garderJ. Bayard Clark Park and Nature Center, or as it is more commonly known Clark Park, is a true gem. Located at 631 Sherman Drive, the park is the second largest regional park in the city. It provides residents with beautiful natural woodlands. The three trails in the park showcase local animals, the Cape Fear River and all of the native woodland plants. The park also provides a safe haven for local wildlife and helps to preserve the environment. Park rangers educate residents about trails and all of the beautiful things that can be seen beside them. The park amenities include a picnic area with eight tables and a parking lot near the beginning of the five-mile Cape Fear River Trail, which is a perfect for the beginning of a walk, run or ride. To make things even easier, the trail is paved. Clark Park also offers opportunities for learning through the events hosted at the park. Typical events include activities such as nature fairs, basic astronomy and animal print tracking just to name a few. This year’s events include the Fairy and Action Figure Fort Fest.  This is a three-day introduction to miniature gardens. These small gardens are increasingly popular and can be used as “forts” or homes for equally small dolls, depicting magical creatures like trolls, fairies, animals or action figures. The goal of this three-day event is to help groups or individuals learn about and then construct their own miniature gardens.

Day one is Thursday, Aug. 25. from 10 a.m. until 3 p.m. Park rangers lead  workshops about what goes in to making a successful miniature fort or garden. Friday, Aug. 26, from 8 a.m. until 5 p.m. is dedicated to building these forts or gardens. The third and final day, Aug. 27 from 11 a.m. until 5 p.m. is a public viewing of all the gardens.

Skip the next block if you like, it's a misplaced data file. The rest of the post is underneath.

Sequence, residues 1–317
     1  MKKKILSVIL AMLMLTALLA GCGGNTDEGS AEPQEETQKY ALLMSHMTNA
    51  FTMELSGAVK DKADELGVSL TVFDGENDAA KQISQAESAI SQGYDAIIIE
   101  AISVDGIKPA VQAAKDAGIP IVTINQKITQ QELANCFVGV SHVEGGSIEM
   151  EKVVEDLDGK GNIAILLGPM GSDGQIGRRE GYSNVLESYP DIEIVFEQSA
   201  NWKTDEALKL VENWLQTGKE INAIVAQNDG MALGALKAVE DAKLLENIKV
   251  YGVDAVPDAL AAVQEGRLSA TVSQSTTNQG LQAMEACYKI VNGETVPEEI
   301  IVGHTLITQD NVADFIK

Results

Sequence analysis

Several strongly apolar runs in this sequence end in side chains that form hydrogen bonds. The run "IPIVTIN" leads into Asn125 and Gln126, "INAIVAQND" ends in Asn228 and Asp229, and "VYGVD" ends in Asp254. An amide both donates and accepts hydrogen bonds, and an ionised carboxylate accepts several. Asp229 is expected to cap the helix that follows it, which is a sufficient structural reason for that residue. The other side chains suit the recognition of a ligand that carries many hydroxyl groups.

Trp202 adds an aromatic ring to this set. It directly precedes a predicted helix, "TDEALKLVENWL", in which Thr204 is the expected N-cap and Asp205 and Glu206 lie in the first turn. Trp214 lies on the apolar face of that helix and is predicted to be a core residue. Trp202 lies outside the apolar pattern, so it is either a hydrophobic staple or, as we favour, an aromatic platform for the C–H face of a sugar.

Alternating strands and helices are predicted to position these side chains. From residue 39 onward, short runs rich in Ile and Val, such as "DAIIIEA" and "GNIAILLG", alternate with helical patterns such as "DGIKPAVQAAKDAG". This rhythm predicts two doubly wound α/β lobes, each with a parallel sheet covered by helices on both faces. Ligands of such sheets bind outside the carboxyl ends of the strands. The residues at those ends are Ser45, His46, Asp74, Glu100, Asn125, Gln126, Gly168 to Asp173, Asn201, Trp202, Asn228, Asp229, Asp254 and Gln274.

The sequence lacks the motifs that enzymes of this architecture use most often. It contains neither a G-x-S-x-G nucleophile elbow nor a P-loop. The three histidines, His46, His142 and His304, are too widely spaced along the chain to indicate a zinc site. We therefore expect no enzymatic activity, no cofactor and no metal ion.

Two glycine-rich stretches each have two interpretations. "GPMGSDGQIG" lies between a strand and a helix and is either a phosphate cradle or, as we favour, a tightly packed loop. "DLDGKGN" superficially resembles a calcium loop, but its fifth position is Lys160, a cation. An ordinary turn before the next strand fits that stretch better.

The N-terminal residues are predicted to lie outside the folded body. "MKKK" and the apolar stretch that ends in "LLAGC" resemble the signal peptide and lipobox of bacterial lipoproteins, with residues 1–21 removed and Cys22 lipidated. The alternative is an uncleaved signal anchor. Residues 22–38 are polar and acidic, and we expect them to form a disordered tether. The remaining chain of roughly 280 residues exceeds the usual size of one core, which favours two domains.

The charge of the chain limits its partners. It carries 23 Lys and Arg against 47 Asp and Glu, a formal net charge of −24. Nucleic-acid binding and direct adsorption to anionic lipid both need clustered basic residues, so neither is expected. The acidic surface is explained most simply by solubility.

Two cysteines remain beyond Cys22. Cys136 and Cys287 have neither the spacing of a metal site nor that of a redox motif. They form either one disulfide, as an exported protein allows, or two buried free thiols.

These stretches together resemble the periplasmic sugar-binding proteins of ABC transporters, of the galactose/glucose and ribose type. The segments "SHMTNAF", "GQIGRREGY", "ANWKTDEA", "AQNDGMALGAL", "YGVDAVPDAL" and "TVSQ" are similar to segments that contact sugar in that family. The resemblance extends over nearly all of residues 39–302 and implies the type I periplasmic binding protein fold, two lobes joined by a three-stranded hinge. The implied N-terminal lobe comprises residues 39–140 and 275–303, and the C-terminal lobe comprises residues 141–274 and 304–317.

While fairy gardens are popular, they are definitely not a new concept. Their debut in the U.S. can be traced to the 1893 Chicago World’s Fair where the bonsai dish gardens at the Japanese Pavilion enthralled the American public. The exhibit was such a hit that The New York Times featured them in an article, according to www.fairygardening.com. “The practice of Fairy Gardening® has been around for more than 100 years and today, many of the fairy gardeners we meet throughout the country are thrilled to tell us how the tradition has been passed down from one generation to the next,” the website notes. 

One of the things that makes miniature gardening so much fun is that the builder’s imagination is the only thing limiting the creation and design of the garden. Because they are small, these gardens work well in small spaces. They can be used indoors or outside.  

Workshops and building days are hosted in the shade of the forest on Clark Park trails. Guests who come on Aug. 27 get to vote on the best forts. Registration is required for groups and individuals. To register, call 433.1579.

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